Here’s what I need in a notes app.
- Text Notes
- Snapshots (Photos of labels, serial numbers, parts, etc.)
- Basic tagging or category organization
- Mobile App
- Desktop or Browser App
- Cloud sync
Evernote definitely ticks all of the boxes and a lot more, but I don’t need fonts, highlighters. I don’t need to organize notes with categories AND tags and I don’t need to share notes or collaborate on them. Evernote’s desktop client feels more like a nicely de-bloated version of Microsoft Word.
Google Keep has the features I need and that’s about it! I like elegant simple applications and Google’s managed to do it with Keep. Sure, there’s room for improvement but it’s pretty good as it is.
My only real concern is that Google has dropped other services that I enjoyed, most notably their recent decision to scrap Google Reader. If they do eventually drop Keep, it should be easy to find another service, even if it means going back to Evernote and the bloat that comes with it.
When you work in a technical field like I do, it’s easy to lose sight of why you got into it in the first place, because you love technology! It’s been a while since I explored technology purely for my amusement and enjoyment. I’m going to try to change that this year, here’s a few of my Technology Goals for 2013.
- Learn to Code.
- Do some hardware hacking.
- Personal Computer projects.
- Build a home NAS using PC hardware that I have lying around.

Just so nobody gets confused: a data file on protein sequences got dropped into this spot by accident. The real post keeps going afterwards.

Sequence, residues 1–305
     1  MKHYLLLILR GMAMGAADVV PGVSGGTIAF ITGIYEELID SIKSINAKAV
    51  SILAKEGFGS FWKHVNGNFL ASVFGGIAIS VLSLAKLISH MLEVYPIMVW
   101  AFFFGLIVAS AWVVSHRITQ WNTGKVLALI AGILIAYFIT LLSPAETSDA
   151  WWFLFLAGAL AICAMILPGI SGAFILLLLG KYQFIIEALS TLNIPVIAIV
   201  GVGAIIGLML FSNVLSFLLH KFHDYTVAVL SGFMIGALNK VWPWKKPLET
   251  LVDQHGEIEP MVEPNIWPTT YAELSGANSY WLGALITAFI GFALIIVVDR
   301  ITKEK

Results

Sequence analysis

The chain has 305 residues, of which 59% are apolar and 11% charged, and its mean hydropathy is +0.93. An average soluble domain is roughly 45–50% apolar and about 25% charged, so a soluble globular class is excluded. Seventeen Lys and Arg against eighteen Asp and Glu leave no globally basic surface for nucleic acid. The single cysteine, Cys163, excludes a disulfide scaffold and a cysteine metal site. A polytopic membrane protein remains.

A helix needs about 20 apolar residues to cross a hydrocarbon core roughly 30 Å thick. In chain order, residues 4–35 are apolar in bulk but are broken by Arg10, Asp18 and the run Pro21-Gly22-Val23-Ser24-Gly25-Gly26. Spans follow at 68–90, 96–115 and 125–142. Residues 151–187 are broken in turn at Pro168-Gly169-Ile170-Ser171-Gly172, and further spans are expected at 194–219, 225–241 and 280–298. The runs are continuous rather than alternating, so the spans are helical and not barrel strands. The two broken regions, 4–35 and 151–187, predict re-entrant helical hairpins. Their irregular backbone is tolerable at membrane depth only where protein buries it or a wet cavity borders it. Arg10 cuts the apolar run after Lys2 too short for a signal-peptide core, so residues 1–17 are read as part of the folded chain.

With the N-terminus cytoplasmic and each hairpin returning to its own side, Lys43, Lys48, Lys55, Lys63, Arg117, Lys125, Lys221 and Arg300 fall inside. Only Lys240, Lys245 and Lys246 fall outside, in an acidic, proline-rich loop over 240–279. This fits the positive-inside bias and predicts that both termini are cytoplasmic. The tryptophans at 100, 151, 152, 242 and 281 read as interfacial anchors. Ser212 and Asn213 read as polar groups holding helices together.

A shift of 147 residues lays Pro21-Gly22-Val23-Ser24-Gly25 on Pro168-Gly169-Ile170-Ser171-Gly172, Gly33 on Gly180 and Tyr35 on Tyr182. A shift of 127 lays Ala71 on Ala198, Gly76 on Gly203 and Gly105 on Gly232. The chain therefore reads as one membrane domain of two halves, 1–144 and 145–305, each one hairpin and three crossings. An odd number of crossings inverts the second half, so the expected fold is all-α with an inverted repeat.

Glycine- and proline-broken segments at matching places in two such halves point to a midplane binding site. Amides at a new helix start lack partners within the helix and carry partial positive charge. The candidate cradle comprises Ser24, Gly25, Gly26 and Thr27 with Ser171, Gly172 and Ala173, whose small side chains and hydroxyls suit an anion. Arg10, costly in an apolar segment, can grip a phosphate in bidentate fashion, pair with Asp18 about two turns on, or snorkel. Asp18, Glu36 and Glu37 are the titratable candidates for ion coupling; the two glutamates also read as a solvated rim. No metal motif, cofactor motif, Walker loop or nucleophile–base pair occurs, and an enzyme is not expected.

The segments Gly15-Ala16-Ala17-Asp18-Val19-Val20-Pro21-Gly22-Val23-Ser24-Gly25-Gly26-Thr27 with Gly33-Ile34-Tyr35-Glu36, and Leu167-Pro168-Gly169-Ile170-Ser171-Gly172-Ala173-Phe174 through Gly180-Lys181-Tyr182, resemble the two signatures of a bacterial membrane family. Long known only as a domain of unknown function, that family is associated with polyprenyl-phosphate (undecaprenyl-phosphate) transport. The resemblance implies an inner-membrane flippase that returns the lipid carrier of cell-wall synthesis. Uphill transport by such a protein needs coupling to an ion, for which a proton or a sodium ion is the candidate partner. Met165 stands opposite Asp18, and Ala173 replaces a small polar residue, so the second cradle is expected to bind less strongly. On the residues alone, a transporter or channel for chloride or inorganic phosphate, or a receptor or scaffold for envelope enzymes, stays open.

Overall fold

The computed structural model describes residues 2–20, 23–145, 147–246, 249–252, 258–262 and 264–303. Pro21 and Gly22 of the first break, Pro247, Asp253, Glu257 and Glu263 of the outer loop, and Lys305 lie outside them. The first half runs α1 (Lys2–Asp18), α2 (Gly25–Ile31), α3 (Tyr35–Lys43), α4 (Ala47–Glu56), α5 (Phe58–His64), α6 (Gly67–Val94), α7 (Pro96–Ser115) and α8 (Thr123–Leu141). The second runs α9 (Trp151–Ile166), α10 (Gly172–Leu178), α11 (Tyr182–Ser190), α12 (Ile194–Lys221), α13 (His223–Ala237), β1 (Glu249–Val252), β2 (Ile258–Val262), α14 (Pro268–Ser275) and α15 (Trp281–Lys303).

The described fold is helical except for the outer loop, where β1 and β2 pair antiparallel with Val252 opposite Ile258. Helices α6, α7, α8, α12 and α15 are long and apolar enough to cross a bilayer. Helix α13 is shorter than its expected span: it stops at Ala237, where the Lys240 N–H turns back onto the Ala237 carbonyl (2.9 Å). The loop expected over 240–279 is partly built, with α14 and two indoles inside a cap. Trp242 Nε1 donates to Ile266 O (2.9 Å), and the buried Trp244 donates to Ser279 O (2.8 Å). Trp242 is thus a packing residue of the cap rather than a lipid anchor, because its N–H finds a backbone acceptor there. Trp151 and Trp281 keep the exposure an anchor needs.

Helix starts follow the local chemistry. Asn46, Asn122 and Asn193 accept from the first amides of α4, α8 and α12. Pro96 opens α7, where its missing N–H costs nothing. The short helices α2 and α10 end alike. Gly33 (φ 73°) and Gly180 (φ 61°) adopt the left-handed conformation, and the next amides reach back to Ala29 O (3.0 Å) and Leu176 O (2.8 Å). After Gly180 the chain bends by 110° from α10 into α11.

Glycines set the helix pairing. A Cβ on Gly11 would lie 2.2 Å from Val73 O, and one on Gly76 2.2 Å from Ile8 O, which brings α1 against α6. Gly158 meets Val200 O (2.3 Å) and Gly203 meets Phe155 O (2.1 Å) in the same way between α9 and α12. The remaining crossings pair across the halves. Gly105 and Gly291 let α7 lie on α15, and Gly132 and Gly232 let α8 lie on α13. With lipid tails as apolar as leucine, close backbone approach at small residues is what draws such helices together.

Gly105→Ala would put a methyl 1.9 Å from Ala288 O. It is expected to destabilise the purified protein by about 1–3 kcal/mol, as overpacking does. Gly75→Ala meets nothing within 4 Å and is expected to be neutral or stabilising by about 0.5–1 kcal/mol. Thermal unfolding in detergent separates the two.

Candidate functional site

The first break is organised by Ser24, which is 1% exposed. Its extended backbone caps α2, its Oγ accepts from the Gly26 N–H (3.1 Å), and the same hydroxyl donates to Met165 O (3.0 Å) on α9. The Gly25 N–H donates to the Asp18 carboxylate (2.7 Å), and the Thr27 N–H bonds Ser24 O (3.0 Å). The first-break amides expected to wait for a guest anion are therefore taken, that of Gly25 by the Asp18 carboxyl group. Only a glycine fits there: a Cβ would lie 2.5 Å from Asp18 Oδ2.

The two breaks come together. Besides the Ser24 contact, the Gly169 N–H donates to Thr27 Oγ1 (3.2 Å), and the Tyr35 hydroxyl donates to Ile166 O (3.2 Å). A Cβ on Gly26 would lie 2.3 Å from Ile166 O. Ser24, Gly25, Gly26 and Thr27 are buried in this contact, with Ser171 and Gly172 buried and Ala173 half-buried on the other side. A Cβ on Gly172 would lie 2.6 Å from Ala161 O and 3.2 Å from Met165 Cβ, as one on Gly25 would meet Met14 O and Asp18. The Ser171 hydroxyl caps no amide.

- Build a Media Center PC with some more hardware that I have lying around.
- Get rid of the rest of the crap hardware that I have lying around.
My day job doesn’t give me much room to play around with tech as much as I’d like. If I can accomplish a few of the above goals in my personal time, maybe I’ll find a new spark of geek creativity to follow for a while.
I was the kid that took toys apart to see what was inside and to see if I could make them do something other than what the manufacturer intended. In the early 80’s, my brother and I had these little battery powered trucks called Stompers and Rough Riders. They ran on one AAA battery and we spent many hours racing them in the dirt in our backyard. They were fun, but we eventually figured out that there was a small magnet near the motor that acted as a governor, limiting the speed of the trucks. If you cracked the case open and removed that magnet, the trucks almost doubled in speed. Battery life sucked, but damn they were fast!
30-ish years later, I still can’t leave things alone. It’s rare that anything electronic or mechanical stays in it’s stock configuration once I have it for any period of time. If there’s any chance that I can make something faster, louder, brighter, more efficient or whatever, I’m going to give it a shot. My wife regularly lambastes me for not being satisfied with things the way that they come out of the box.
I Jailbreak iPhones, root Android devices, install amplifiers, cut holes for bigger speakers, put bigger batteries in things, take unnecessary parts out and generally just mess with anything that looks like it needs a good tweaking! Sometimes my efforts reap very little benefit. Sometimes I break stuff. But a lot of times I end up with something that’s better than it was when I got it, or at least a little more customized to my tastes.
It boils down to the fact that I love to figure out how things work. I respect a machine for what it is and for what it can do, but after a while I want to see what’s inside. I want to know what makes it work and see if I can make it work any better. I’m not alone in this. What do you think the Large Hadron Collider is? Scientists are using it to hurl sub-atomic particles at each other at near the speed of light to bust them open and figure out what’s inside!
The bad thing about this practice is that it does tend to result in a feeling of never quite being satisfied with how things are. For me, the fun is in the endless pursuit of, and not necessarily in possessing a perfect toy.